Light lingers noticeably longer in the evenings already, not even a month past the winter solstice. Mornings remain another matter... sometimes I am up before the lazy dawn (sometimes WAY before) and others not. When I downloaded photos from my camera this evening, I found evidence that some time in the last few days I was not only out of bed, but also cognizant enough to recognize a lovely sunrise AND find the camera and make it behave. Funny I wasn't also cognizant enough to remember it even happened until now.

The DM is still in Anaheim at the NAMM show, and in his absence I have been a tad manic. Working, working, working... trying to cram as much productivity into four days as is humanly possible. One of the biggest projects is developing a new e-newsletter (she turns and points subtly to the sign-up bar on your right), and one of the smallest (at least in terms of square inches) is a new little linocut.

Yes, tiny again! Just 3x3 inches. The deadline for a mini print exhibition is not far away, and I feel it's a good time to do some itty bitty pieces. What I'm also trying to do (if you must know) is psych myself up for something biggish. 12 x 18 or 18 x 18, methinks. I feel that twitchiness... the kind that foretells a need to stretch past the comfort zone.... but I'm Not. Quite. Ready.

These tiny formats are fun, because I can see progress in a short amount of time... carving doesn't take long, printing doesn't take long. This image will seem a little familiar as it evolves. It's a subject I've done before, larger. I started it because I had scrapes of blue ink left from the "Frozen Shadows" piece... and now, on the verge of a third color, I find I am almost out of white! How did THAT happen? I've more on order, but who knows how long it will take to get here? Argh! I still have light values to mix and print! Bring on the transparent base, maybe?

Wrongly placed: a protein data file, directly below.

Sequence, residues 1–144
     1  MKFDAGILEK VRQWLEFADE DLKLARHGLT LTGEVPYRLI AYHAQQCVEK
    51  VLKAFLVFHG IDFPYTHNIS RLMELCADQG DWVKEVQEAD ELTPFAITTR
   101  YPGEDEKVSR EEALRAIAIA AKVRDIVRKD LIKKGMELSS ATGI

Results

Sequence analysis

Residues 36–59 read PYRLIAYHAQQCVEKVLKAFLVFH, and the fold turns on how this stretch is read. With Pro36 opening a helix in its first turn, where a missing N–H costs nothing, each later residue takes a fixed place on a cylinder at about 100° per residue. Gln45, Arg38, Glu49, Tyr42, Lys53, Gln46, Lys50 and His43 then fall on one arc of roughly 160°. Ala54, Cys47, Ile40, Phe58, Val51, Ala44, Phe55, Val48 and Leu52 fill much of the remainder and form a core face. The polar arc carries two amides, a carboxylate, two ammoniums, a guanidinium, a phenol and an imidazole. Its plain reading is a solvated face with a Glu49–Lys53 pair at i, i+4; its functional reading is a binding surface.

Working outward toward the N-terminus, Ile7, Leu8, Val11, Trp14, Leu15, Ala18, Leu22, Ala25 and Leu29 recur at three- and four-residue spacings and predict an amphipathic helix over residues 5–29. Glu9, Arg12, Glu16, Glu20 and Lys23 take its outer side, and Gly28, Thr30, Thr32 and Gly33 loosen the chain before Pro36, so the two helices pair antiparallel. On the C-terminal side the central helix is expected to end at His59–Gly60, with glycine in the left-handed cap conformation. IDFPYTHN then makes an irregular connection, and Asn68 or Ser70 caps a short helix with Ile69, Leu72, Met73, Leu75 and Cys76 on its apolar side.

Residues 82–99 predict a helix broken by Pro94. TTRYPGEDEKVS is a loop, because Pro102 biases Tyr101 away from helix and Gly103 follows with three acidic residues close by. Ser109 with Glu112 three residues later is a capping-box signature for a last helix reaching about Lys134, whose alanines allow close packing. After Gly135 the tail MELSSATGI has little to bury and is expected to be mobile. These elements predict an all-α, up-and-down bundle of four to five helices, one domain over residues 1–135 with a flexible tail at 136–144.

Well... it's not like I'll be twiddling my thumbs until the ink gets here. Plenty of other projects clamoring for my attention. I just hate it when it's my own lack of foresight that stalls my momentum.

I mentioned last week that I had installed an exhibition at the Salida Regional Library. It's always nice to have an opportunity to be part of the local public art program, especially at our library. I'm probably overdue for the gushing praise I tend to heap on this institution, but timely or not, gushing praise is completely justified. It's a cozy turn-of-the-previous-century space with a delightful staff and a collection that responds swiftly and graciously to the needs and interests of the community. And the director wrote a darn nice review of my show in the local newspaper, too. (Thanks, jefe.)

Art AND education in a Sherrie exhibition whenever possible. In the image above I have a black and white print hung alongside its block, with a process description for single-color and reduction prints. It's a great starting point for conversation. And way easier to point to pictures than try to explain it clearly. Especially if it's before or after sunrise or sunset. Remember those cognition problems.

And below? You ought to recognize these three pieces, as they unfolded here right before your very eyes. More or less.

More on the 'morrow. I'm going to go set up to squeeze that last bit of white in to the third color for the morning's printing. Before or after the sunrise? No idea.

Wednesday, January 13, 2010

Still life with museum specimens

This morning I deposited the Darling Man on a plane headed for the NAMM show in Anaheim (ginormous music trade show), leaving me contentedly alone with my own zillion projects for several days.

It's a three hour drive (each way) to the Denver airport, so any trip to The City is made more efficient by squeezing in errands and sketching time. There's snow in the forecast again, so I didn't get a lot of time to dilly-dally, but I did wrangle a couple of hours in the dioramas at the Denver Museum of Nature and Science. Back to linos tomorrow!

Friday, January 8, 2010

7 Colors, 7 Days... First finished linocut of 2010!

Ooph. Awake since 3:30am. Again. Rather than flop around in bed for who knows how long, I decided to get up and finish the first linocut of the year.

Once again, not a great photo. (sigh) I'll swap it out later when I get a better one, but just wanted to celebrate with everyone before I go back to bed. Which should be any min...... zzzzzzzzzz

Thursday, January 7, 2010

One more to go...